Automakers usually advertise the quickest charge times for their electric vehicles, achieved using an expensive and hard-to-come-by 400-volt Level 3 DC fast charger.
But that’s not what you have at home. Not even close.
Plugging in to a normal 120-volt wall outlet means you get the slowest charging rate. Instead of the advertised quickest rate of 38 minutes for a Ford Mustang Mach-E, you’re looking at days. That’s not much of an incentive for EV ownership.
While there are now more than 6,000 public charging stations nationwide, according to Natural Resources Canada, EV owners will need to charge their vehicles mostly at home.
One solution is to purchase a Level 2 charging station, which can be hard-wired into the electrical panel or plugged into a 240-volt outlet, such as the outlet used for a drying machine.
A Level 2 station cuts the charge time for that Mach-E to around 10 hours, according to Ford. The time may not be ideal, but it does mean the vehicle can be fully charged overnight in the driveway.
Know the costs
Buying and installing a Level 2 charging station costs about $1,500 to $2,000, according to Cara Clairman, CEO of the Toronto-based non-profit Plug ’n Drive, which educates Canadian consumers about the benefits of EVs.
“The install costs depend on how far your outlet is from your (electrical) panel. If your plug is really close to the panel, it’s going to be cheap. If it’s far away to the garage or the spot you want to put the charger, it’s going to cost a little bit more. What we see is it costs anywhere from $500 to $1,000, $1,200 to install and then the charger on top of that. That’s another $500 or $600.”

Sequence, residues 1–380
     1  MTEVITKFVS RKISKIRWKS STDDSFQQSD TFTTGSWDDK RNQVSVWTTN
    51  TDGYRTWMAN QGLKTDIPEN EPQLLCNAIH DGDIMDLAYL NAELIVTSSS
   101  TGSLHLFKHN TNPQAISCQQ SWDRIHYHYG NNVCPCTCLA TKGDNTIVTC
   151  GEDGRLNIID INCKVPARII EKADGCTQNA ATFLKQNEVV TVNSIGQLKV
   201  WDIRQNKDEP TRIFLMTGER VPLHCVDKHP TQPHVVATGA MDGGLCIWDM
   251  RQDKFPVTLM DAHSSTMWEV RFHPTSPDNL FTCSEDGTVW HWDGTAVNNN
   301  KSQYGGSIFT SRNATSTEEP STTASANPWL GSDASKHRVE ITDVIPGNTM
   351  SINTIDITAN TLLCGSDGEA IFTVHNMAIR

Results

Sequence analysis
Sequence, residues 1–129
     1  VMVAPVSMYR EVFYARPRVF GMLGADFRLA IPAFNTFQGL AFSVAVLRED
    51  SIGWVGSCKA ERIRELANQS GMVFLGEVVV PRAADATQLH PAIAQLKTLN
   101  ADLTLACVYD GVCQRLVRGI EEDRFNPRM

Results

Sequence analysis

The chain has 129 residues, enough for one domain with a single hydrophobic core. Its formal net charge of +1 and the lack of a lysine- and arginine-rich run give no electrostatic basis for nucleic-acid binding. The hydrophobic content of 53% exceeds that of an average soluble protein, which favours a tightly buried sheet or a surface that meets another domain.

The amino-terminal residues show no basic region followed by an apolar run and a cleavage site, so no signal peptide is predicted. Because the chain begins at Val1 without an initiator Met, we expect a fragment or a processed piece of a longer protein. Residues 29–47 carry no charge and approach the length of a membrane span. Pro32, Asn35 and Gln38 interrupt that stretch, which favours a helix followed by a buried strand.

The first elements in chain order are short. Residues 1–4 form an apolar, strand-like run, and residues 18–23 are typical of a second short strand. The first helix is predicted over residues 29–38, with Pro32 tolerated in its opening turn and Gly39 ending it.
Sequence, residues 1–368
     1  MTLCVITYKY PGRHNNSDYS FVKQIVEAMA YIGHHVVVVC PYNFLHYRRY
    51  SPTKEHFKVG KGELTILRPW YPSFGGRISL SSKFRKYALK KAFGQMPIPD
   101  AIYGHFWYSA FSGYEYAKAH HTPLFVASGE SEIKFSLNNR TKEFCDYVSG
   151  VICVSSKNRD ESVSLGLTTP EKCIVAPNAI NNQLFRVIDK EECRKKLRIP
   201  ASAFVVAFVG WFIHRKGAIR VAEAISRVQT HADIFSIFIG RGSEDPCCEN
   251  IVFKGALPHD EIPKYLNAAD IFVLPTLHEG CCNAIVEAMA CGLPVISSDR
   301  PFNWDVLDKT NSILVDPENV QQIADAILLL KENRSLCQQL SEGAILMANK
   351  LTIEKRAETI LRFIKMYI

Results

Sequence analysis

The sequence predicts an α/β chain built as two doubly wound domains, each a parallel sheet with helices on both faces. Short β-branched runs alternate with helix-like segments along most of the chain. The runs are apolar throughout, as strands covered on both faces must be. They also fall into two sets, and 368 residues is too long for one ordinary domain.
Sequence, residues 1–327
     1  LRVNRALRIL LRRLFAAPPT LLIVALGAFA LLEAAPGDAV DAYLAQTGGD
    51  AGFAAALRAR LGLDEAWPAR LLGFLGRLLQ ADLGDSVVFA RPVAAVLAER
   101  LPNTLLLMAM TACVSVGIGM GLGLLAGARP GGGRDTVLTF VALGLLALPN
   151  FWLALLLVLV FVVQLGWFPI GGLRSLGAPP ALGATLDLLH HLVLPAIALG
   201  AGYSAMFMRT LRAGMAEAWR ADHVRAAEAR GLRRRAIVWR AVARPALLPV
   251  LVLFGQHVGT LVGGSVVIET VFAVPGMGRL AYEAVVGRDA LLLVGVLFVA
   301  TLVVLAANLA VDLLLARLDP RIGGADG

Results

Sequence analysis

Charger cost depends on its features. For example, so-called smart chargers have apps that allow the charger to be controlled remotely from a cellphone or other Bluetooth device. As well, lower priced units usually have lower amp ratings — current flow — which means a slower charge rate.
The chargers for sale on Plug ’n Drive’s website range from $750 for a 30-amp unit, to about $1,200 for a 48-amp unit.
Know your savings
While as much as $2,000 is a lot upfront, that can be quickly recouped in government rebates — depending where you live — and fuel savings.
For example, according to ChargeLab.co, the government of Yukon will rebate 50 per cent of the total install costs of a home charger, up to $750. Likewise, the government of Quebec will rebate 50 per cent of the cost, up to $500. Some local municipalities even offer incentives.
But the big savings come by way of reduced fuel costs over time.
“On average, here in Ontario, electricity is about one quarter the price of (gasoline),” said Clairman.
“In Quebec, it’s more like a fifth or a sixth. Manitoba, about a sixth. So it depends what province you’re in, how cheap your electricity is, but it’s significantly cheaper. So if you’re paying $1.20 a litre (for gasoline), I’m paying less than the equivalent of 30 cents a litre for my electricity.”
Given Canadian winters, mounting the charging station in the garage will be a desirable option. Top-brand chargers are rated for indoor and outdoor use, however, which would serve car ports.
Level 2 charging wands will work with any make and model of EV, except for Teslas, which have a unique connector. Adapters are available for Teslas, however.
Last but not least, EV ownership requires a reset of old habits.
Since charging time is a factor — versus the short time it takes to refuel a vehicle with gasoline — drivers should attempt to keep the vehicle on the charger when it’s not being driven. It’s a habit akin to cellphone charging, which ensures maximum available range for the next time the vehicle is driven.